Balance Training for Your Client’s Golf Swing

Part Two: A Matter of Balance

Balance, as defined by is: “(n.) a state of equilibrium or equipoise; equal distribution of weight, amount, etc.” With the golf swing, balance is of significant importance. In just about all our daily activities as humans, balance is in play. As we age, balance fades a bit, requiring some strengthening on our part.

Here are some balance drills easily done in your gym or at home:

  1. One-foot hand offs to left and right with ball, or light plate (3 sets 15-20 reps on both feet). Weight varies and you’ll need a partner for this one. Feel your core moving? Good!
  2. Uphill/downhill swing drill. To properly align shoulders to terrain your drive landed on, put one foot on a stool or ball, then complete smooth, full swing 15-20 times along the proper terrain line. For downhill lies, swing along the plane of the hill you may be on. The reverse applies for uphill lies. Let the club do the work for you. This drill will take practice and may look strange to you at first. The alternative is continuing to hook the ball out of bounds on uphill lies or topping it on the downhill (3 sets of 15 – 20 reps).
  3. With empty hands, complete the back swing then, smoothly through the ball to finishBalanced position. Hold for 5 second count on front foot (3 sets 10-15 reps). At the finish position notice if your balance has brought you to a position where your torso faces the desired ball flight path.
  4. Half swing drill using a light weight, balanced on one foot at a time (3 sets 10-15 reps). This drill will show you more about weight transfer done smoothly from backswing to finish.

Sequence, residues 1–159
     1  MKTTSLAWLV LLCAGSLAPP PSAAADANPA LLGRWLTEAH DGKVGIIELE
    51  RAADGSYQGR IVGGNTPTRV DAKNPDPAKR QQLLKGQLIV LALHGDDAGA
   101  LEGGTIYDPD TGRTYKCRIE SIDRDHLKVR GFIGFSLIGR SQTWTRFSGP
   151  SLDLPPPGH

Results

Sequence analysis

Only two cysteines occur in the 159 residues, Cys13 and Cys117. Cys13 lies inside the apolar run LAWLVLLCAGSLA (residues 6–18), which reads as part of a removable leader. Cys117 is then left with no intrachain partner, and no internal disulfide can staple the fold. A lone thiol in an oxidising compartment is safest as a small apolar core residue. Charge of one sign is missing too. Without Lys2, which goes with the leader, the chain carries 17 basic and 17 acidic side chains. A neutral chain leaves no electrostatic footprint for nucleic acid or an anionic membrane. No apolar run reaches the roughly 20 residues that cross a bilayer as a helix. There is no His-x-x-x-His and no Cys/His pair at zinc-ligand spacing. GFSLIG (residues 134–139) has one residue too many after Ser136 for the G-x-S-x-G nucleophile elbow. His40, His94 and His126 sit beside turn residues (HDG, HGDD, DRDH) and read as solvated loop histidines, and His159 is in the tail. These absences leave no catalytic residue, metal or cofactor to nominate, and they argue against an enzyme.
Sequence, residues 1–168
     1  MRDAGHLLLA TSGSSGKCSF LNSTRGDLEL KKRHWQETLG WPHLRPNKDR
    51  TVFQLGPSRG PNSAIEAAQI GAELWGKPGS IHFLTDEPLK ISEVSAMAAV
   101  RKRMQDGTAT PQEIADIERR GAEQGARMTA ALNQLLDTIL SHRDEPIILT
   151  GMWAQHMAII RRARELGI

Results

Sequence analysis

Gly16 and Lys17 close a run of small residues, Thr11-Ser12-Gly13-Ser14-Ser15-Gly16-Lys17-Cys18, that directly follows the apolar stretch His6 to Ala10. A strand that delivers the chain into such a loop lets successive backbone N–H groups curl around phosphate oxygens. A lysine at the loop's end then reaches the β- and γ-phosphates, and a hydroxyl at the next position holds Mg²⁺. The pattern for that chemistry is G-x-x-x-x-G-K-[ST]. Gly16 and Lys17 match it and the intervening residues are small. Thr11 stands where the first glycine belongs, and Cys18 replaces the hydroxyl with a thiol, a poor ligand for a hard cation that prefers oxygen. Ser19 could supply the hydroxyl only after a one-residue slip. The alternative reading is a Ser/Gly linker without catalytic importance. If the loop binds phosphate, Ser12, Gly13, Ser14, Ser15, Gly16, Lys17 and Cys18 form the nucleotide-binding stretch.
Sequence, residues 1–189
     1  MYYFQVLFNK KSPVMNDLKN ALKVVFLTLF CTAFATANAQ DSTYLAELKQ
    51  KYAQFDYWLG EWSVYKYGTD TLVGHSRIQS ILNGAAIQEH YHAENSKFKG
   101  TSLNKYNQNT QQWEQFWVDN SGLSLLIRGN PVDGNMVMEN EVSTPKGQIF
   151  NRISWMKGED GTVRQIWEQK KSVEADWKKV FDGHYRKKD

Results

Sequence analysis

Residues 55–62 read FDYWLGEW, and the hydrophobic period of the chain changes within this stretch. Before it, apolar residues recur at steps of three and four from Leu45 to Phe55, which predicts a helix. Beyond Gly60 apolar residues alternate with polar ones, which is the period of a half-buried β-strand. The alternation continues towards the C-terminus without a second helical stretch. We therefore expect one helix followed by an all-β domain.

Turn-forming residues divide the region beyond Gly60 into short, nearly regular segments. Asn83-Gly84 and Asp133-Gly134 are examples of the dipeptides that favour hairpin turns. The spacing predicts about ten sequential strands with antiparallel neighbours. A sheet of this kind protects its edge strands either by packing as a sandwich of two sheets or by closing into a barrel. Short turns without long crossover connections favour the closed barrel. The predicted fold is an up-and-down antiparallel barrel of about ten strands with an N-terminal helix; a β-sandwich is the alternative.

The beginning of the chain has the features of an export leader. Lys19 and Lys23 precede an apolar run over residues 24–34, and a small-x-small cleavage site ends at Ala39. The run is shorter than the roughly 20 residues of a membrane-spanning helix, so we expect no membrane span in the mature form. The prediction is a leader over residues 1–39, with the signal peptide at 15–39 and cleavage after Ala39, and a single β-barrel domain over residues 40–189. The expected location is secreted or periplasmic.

5. Heavy ball toss to partner, or off a wall, on one foot then other foot. (3 sets 10-15 reps). Notice what your front abs are doing on the throw and the catch. I imagine they’ll tighten. I used this to show the importance of your core to good balance.
  6. Eyes closed using full swing (light weight 15-20 reps). With both feet down, and both eyes closed, smoothly imitate your golf swing with both eyes closed. Not so difficult was it? Now, place a ball in the proper stance position for a short iron. Using the same smooth swing and eyes closed, hit the golf ball and go to your finish position. This may take some practice so be persistent if you want better swing balance and a lower handicap. No peeking folks.

Once the “eyes closed” drill takes hold, hit some balls on your front foot and back foot. While keeping your eyes closed, of course. You aren’t swinging so fast anymore are you? Congratulations! Try all of these drills often. Smooth, powerful, graceful and balanced, from your core, are good mental images for your swing to have.


Bill McGinnis is an NFPT Master Fitness Trainer. He lives and trains in Galveston, Texas and works at the University of Texas Medical Branch Alumni Field House. Bill previously served at the Betty Ford Center in Rancho Mirage, an internationally acclaimed rehab facility for substance abusers and persons with eating disorders, as The Men’s Fitness Trainer where he oversaw training groups of 25 to 50 people. Bill has studied, trained and earned his certification from NFPT, National Federation of Professional, and NFPT Master Fitness Trainer, in 2007. Bill began personal training in 1989 and has trained, and/or, counseled more than 4,300 people towards improving their levels of fitness. He also played college baseball. Served in the United States Air Force and was accepted into the PGA Apprentice Program in 1997 to become a professional golfer.
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